The Ultimate Guide to Customer Segmentation

Do you just assume you already know who your customers are and what they want? Do you have any strategies in place to target different customers differently? 

Whether you are a marketer looking to target your niche audience or a product designer striving to create eye-catching products, understanding your customer base is the first step in the right direction. 

“Different customers have different tastes. You need to drop the ‘one-size-fits-all’ approach and segment customers into groups to improve the customer journey.”

With customer segmentation, you can break down your customers into smaller, more detailed groups (based on age, gender, interests, location, values, etc.) and target them even more specifically. 

In this blog, we will shed light on the importance of customer segmentation, understand the different segmentation models, and see how you can prepare a robust customer segmentation strategy with the help of data analytics and customer support tools.

What Is Customer Segmentation? 

Customer segmentation refers to the process adopted by most businesses to divide customers into groups based on common traits or characteristics so that companies can give relevant attention to each group and target them separately. 

While exploring the customer segmentation definition, we realize that all your customers have one thing in common- they all show interest in your products or services. However, when you look beyond that, there are personality traits or demographic differences that a business should be aware of to improve the customer experience.

Why Is Customer Segmentation Important?

Customer segmentation allows marketers, product designers, customer service professionals, and sales reps to better tailor their efforts to meet the expectations of different audience subsets. Segmentation has proved to be immensely beneficial for businesses in more ways than one.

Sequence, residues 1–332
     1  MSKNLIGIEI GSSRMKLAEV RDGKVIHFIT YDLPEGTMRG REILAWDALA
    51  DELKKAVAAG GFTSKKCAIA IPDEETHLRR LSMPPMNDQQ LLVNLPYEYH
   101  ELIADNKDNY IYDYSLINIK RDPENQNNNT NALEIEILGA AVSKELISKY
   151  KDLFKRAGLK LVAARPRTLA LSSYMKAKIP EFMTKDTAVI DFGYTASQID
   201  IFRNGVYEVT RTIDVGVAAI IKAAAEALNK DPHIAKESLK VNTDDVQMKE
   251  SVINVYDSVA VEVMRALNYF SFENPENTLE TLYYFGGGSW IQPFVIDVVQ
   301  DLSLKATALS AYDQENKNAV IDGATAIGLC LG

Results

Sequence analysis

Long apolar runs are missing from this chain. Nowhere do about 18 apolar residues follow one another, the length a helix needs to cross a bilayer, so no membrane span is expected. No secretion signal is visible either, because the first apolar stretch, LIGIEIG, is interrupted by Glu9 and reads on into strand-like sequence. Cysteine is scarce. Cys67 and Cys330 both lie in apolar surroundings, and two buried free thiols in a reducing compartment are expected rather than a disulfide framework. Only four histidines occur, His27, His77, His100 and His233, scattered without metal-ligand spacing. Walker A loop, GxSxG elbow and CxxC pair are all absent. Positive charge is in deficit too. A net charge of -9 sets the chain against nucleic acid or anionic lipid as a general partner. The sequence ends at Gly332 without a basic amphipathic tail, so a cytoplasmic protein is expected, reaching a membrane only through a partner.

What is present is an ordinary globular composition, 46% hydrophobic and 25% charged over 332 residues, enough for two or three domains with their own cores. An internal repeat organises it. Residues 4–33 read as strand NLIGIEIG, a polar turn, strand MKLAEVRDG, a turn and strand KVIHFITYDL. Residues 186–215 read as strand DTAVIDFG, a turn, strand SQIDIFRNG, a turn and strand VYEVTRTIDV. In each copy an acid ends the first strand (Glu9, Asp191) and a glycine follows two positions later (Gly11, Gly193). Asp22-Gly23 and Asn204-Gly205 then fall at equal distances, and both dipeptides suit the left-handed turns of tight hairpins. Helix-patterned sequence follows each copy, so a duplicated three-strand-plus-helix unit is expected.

For example, when we talk about email campaigns, carefully targeted or personalized emails have better open and click-through rates compared to non-targeted emails. 

Why Is Customer Segmentation Important

Source

Now, if we think the benefits of customer segmentation are only limited to emails, then we might be just scratching the surface. Let’s explore some more benefits and see the bigger picture. 

  • Fine-Tune Your Marketing Campaigns

In order to effectively market your products or services to your customers, it’s important to understand who they are and categorize them into different groups. 

For example, you can launch effective social media campaigns to reach your target audience that is active on the leading social media platforms such as Facebook, Instagram, or Twitter. This will help you get their attention and drive more sales. 

With the help of customer segmentation, businesses can fine-tune their marketing message to align with exactly what the customers or prospects are looking for, thereby increasing their chances of conversion. Marketers can even figure out the preferred communication channels of different segments for improved targeting. 

  • Discover the Needs & Pain Points of Different Segments

When you decide to put your customers into different groups, you can gain a more holistic view of their needs as well as challenges. 

For instance, when you segment your customers as online vs offline shoppers, you can easily realize their top challenges. In the case of online shoppers, it can be anything from the lack of online payment options to a slow checkout process that is stopping customers to buy from you. 

Similarly, offline shoppers might express different needs- they might want your store to remain open 24×7 or might ask for additional billing counters for a hassle-free shopping experience. Discovering such needs and problems first hand and addressing them can help your business cater to a larger audience.